NCD supplementation to the control rats significantly increased the HO-1 expression in the pancreas (p < 0.01) and heart (p < 0.001) compared with the corresponding control groups. In addition, NCD supplementation to the diabetic rats significantly increased (p < 0.001) HO-activity in the pancreas and heart compared with the corresponding control and diabetic groups (Table 5).
Table 5

Comparison between the HO activity levels (pmol bilirubin/mg protein/h) of studied groups

 

Control (n = 7)

Control + NCD (n = 10)

Diabetic (n = 6)

Diabetic + NCD (n = 8)

Diabetic + pure curcumin (n = 10)

Diabetic + ZnPP (n = 8)

Diabetic + ZnPP + NCD (n = 8)

Pancreatic tissue

857.1 ± 156.6

1093* ± 153.7

1287.5* ± 204.8

1853.1*§ ± 208.1

1535 *§# ± 201.1

918.7§ ± 119.3

1390.6*# ± 110.1

Cardiac tissue

544.3 ± 63.0

739.5* ± 82.3

1060 * ± 90.5

1593.7* § ± 117.8

1206*§# ± 148.4

793.7*§ ± 125.8

1393.7* §#• ± 214.5

Results are presented as mean ± SD.

*Values differ significantly from control (p < 0.05). #Values differ significantly from Diabetic + NCD (p < 0.05).

§Values differ significantly from diabetic animals (p < 0.05). • Values differ significantly from Diabetic + ZnPP (p < 0.05).

A significant increase (p < 0.001) in the HO activity in the pancreas and the heart was detected in diabetic rats receiving pure curcumin when compared with diabetic rats. Pure curcumin supplementation showed a significant decrease (p < 0.001) in the pancreas and heart compared with the diabetic group receiving the oral NCD derivative (Table 5).

HO-1 gene expression in heart and pancreas

There was a significant increase (p < 0.001) in mean HO-1 expression level in the pancreas (0.95 ± 0.04 HO-1/β-actin) and heart (0.80 ± 0.06 HO-1/β-actin) of diabetic rats compared with the corresponding control groups (0.32 ± 0.02 HO-1/β-actin and 0.24 ± 0.02 HO-1/β-actin), respectively.

NCD supplementation to the control rats significantly increased (p < 0.001) HO-1 expression in the pancreas (0.58 ± 0.04 HO-1/β-actin) and heart (0.55 ± 0.06 HO-1/β-actin) compared with the corresponding control groups (0.32 ± 0.02 HO-1/β-actin and 0.24 ± 0.2 HO-1/β-actin), respectively.

In addition, NCD supplementation to the diabetic rats significantly increased (p < 0.001) HO-1 expression in the pancreas (1.86 ± 0.06 HO-1/β-actin), and heart (1.37 ± 0.05 HO-1/β-actin) compared with the corresponding control groups (0.32 ± 0.02 HO-1/β-actin and 0.24 ± 0.02 HO-1/β-actin) and corresponding diabetic groups (0.95 ± 0.03 HO-1/β-actin and 0.80 ± 0.06 HO-1/β-actin), respectively.

A significant increase (p < 0.001) in the HO-1 gene expression in the pancreas (1.76 ± 0.03 HO-1/β-actin) and the heart (1.23 ± 0.1 HO-1/β-actin) was detected in diabetic rats receiving pure curcumin when compared with diabetic rats (0.95 ± 0.03 HO-1/β-actin) and (0.95 ± 0.03 HO-1/β-actin), respectively. Whereas, pure curcumin supplementation showed a significant decrease (p < 0.001) compared with diabetic group receiving the oral NCD derivative in the pancreas (1.86 ± 0.06 HO-1/β-actin) and heart (1.37 ± 0.05 HO-1/β-actin) (Figure 1).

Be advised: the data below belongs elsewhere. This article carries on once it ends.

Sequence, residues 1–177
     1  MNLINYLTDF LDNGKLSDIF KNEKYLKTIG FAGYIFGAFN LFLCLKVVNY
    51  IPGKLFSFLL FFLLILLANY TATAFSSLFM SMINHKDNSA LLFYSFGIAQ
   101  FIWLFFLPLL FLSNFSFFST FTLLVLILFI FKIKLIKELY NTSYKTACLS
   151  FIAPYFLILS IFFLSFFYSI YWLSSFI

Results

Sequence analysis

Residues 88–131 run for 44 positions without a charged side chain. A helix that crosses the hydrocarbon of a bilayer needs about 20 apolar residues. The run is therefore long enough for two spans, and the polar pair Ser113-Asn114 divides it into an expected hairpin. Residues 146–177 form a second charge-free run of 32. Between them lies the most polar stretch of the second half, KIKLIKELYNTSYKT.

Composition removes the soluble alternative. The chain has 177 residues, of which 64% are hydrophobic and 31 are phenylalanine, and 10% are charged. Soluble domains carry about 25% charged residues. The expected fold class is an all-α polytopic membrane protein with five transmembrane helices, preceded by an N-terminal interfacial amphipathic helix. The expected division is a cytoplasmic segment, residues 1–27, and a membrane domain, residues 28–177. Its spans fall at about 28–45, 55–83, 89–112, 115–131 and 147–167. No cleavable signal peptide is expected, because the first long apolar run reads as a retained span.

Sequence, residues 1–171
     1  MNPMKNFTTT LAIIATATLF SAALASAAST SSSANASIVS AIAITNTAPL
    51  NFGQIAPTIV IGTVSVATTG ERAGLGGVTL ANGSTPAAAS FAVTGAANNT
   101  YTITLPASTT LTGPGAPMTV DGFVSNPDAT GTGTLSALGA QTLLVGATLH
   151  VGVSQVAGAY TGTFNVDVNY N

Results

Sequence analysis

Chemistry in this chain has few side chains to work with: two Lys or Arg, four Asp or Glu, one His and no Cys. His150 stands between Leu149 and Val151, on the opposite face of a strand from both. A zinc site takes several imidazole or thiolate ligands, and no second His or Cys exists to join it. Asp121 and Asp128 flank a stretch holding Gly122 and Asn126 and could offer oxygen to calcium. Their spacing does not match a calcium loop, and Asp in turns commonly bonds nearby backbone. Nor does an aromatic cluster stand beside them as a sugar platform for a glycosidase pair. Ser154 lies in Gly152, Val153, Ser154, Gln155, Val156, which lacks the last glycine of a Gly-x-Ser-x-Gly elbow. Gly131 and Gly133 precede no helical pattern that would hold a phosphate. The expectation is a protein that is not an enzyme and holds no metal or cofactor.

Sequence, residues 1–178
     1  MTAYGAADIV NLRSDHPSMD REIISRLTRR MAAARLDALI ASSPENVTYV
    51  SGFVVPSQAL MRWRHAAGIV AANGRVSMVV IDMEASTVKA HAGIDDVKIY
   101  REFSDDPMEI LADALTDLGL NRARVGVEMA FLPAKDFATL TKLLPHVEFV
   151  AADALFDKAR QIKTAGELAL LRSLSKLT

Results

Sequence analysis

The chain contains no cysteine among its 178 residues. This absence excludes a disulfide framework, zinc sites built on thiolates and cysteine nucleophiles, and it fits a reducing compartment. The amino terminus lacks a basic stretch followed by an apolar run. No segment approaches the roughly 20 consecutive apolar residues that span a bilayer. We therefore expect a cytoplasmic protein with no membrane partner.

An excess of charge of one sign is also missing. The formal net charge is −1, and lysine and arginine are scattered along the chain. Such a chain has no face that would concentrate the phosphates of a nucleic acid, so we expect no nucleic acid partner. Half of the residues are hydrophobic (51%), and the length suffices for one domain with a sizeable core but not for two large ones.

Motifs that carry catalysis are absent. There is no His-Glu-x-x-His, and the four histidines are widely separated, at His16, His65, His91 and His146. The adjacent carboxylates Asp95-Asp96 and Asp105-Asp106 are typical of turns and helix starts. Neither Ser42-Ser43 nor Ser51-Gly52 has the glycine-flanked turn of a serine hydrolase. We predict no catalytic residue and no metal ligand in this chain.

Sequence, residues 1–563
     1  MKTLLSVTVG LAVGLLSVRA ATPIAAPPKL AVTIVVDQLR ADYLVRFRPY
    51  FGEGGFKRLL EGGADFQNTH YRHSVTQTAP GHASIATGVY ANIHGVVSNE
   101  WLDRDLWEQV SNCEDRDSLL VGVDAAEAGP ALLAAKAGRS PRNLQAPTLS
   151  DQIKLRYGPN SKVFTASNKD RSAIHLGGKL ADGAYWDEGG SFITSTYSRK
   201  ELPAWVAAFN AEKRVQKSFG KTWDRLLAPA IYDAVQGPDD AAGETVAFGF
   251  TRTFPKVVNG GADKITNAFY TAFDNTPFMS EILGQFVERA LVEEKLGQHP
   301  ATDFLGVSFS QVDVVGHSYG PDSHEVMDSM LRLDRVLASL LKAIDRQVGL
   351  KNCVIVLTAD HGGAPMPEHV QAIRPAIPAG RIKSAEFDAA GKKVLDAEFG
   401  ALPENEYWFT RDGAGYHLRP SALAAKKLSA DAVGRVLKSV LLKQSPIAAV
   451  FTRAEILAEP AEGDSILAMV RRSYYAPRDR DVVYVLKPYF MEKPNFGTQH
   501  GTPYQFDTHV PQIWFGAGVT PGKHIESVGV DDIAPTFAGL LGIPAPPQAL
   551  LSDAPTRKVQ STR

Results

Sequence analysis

Figure 1

Comparison between the heme oxygenase-1 gene expression of studied groups. Results are presented as mean ± SD. *Values differ significantly from control p < 0.001. §Values differ significantly from diabetic p < 0.001. #Values differ significantly from diabetic + NCD p < 0.001. Values differ significantly from diabetic + inhibitor p < 0.001.

p300 gene expression in the heart

There was a significant increase (p < 0.001) in the mean p300 gene expression level in the heart (0.85 ± 0.08 p300/β-actin) of diabetic rats compared with the control group (0.24 ± 0.02 p300/β-actin). On the other hand mean p300 gene expression level in the control group (0.24 ± 0.02 p300/β-actin) showed no significant difference (p > 0.05) compared with the control group receiving the oral NCD (0.22 ± 0.04 p300/β-actin).

In addition, NCD supplementation to the diabetic rats significantly decreased (p < 0.001) p300 gene expression in the heart (0.48 ± 0.04 p300/β-actin) when compared with the diabetic group (0.85 ± 0.08 p300/β-actin).

A significant decrease (p < 0.001) in the mean p300 gene expression level in the heart of the diabetic group receiving pure curcumin (0.51 ± 0.07 p300/β-actin) compared with the diabetic group (0.85 ± 0.08 p300/β-actin) was detected. Whereas, it showed no significant difference (p > 0.05) compared with the diabetic group receiving the oral NCD (0.48 ± 0.04 p300/β-actin) (Figure 2).
Figure 2

Comparison between the p300 gene expression of studied groups. Results are presented as mean ± SD. *Values differ significantly from control p < 0.001. §Values differ significantly from diabetic p < 0.001. #Values differ significantly from diabetic + NCD p < 0.001. Values differ significantly from diabetic + inhibitor p < 0.001.

Gene expression of molecular markers of cardiac hypertrophy

There was a significant increase (p < 0.001) in the mean ANP (0.68 ± 0.13 ANP/β-actin), MEF2A (2.52 ± 0.14 MEF2A/β-actin) and MEF2C (1.81 ± 0.12 MEF2C/β-actin) gene expression levels in the heart of diabetic rats compared to the corresponding control groups (0.026 ±0.01ANP/β-actin), (0.18 ± 0.02 MEF2A/β-actin) and (0.15 ± 0.01 MEF2C/β-actin), respectively.